- File Size: 4223 KB
- Print Length: 284 pages
- Publisher: Riverhead Books; Reprint edition (September 18, 2012)
- Publication Date: September 18, 2012
- Sold by: Penguin Group (USA) LLC
- Language: English
- ASIN: B0085DP4OG
- Text-to-Speech: Enabled
- Word Wise: Enabled
- Lending: Not Enabled
- Amazon Best Sellers Rank: #290,930 Paid in Kindle Store (See Top 100 Paid in Kindle Store)
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Future Perfect: The Case For Progress In A Networked Age Kindle Edition
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|Length: 284 pages||Word Wise: Enabled||Enhanced Typesetting: Enabled|
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Top Customer Reviews
The first of the book's two sections lays out its central premise: that distributed "peer networks" allowing the free flow of information between diverse individuals are a powerful force for social progress. decentralized networks are a powerful tool for facilitating interaction between individuals, and thus for social progress. It concludes: "We have a theory of peer networks. We have the practice of building them. And we have results. We know that peer networks can work in the real world. The task now is to discover how far they can take us." The second, longer section - a series of thematic chapters on subjects like journalism, technology, and government - makes good on that promise. It presents case studies that show what peer networks have already accomplished, and contemplates what they might accomplish in the future.
Johnson's goal, in Future Perfect is not to write a primer on the theory of networks, an analysis of how distributed networks function, or a history of distributed networks (though he touches, expertly but wearing his expertise lightly, on all those subjects). Nor is his goal to predict the future: The potential applications he describes for peer networks are presented as possibilities, not certainties.Read more ›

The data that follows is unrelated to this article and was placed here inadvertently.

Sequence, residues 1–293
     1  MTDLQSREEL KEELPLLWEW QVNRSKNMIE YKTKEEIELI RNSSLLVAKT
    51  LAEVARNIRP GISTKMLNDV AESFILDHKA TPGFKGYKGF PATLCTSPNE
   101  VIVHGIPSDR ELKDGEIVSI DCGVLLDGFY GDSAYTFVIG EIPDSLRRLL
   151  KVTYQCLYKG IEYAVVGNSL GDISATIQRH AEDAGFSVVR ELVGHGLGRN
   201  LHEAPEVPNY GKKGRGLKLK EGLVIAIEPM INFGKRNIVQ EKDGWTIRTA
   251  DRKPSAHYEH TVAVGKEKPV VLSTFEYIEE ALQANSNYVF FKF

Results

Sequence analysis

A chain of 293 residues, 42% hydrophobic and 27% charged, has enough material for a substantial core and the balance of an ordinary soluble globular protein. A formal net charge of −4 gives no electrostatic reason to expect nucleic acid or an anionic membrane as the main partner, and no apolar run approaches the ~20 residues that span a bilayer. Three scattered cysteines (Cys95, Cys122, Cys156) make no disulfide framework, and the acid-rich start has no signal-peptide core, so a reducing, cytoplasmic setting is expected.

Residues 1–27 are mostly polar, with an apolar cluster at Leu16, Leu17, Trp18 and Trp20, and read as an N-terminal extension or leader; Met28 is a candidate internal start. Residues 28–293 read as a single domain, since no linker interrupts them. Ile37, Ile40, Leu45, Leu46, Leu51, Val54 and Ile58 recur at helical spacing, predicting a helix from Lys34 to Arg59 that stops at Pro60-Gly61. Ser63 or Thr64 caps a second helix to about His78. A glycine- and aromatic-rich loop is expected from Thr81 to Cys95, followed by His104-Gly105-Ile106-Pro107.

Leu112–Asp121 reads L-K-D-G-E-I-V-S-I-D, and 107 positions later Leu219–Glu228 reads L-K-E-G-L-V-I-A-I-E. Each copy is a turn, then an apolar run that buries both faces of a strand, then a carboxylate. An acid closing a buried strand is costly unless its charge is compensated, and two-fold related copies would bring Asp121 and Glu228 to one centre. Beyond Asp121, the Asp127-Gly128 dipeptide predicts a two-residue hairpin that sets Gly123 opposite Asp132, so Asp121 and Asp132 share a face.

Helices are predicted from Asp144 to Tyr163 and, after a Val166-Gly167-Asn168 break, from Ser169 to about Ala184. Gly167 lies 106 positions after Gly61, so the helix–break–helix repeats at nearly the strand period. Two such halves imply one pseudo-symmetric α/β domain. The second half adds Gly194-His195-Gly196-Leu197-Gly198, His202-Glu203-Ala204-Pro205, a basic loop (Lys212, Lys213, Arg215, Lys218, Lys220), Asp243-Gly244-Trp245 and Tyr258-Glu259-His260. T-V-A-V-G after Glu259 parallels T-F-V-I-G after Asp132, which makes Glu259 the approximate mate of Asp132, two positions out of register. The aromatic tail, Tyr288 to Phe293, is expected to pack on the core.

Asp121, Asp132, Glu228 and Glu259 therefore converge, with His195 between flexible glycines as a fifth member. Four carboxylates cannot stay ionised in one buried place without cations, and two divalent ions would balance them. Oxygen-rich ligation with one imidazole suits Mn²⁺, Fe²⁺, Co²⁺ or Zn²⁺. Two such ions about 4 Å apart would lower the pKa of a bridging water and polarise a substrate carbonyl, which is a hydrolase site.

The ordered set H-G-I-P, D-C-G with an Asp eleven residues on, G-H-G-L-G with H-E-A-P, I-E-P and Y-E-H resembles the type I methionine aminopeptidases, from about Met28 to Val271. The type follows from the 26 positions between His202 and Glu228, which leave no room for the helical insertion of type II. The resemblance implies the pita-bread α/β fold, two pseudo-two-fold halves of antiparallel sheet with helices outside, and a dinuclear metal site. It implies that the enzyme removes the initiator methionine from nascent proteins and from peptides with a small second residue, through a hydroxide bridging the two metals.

However, despite his appeals that this "peer" revolution is not simply net-utopianism, the majority of Johnson's examples of peer-networked success were drawn from web related projects. If, however, we are learning from the Internet as a model as he says, maybe the dearth of non-web examples in Future Perfect suggests they are still emerging and evolving.
Additionally I really wished he had included a chapter on energy. There was almost no mention of climate change in this brief book. While tackling some "pressing" problems such as election finance reform, democracy, business, and education, Johnson overlooks one of the most centralized (non-distributed) platforms in our country: our energy grid. Energy seems like hanging fruit for this book, and its a disappointment to read 20 pages about KickStarter instead...
Most Recent Customer Reviews
It was a mildly interesting thesis, some might find it very relevant, but I prefer Steven Johnson's delightful historical explorations over his future conceptualizations and... Read morePublished 14 months ago by Roger K in LA
Steven Johnson is one of the top writers of science topics I've read.
The book is excellent and I rate it a 4.99 out of 5.0.
I would rate it higher if Mr. Read more
Despite Johnson never using the term 'New World Order', he highlights very well some of the scenarios where networking and social technologies have revolutionised how we organise... Read morePublished 20 months ago by Ryan B.
Excellent read. Steven Johnson tells a great story and makes a great argument for progressive change in business, society and how we think about solving problems. Read morePublished 22 months ago by Amazon Customer
those who can, do. those who can't, teach. those who can't even, speculate. those who can't be bothered to consider a possible audience, write books like this.Published on April 16, 2014 by G. Damiani
Steven Johnson writes well. His books sit better with me than Malcolm Gladwell's books. Where Gladwell tries to push a point beyond where it can logically be pushed, Johnson takes... Read morePublished on February 16, 2014 by Edward Durney
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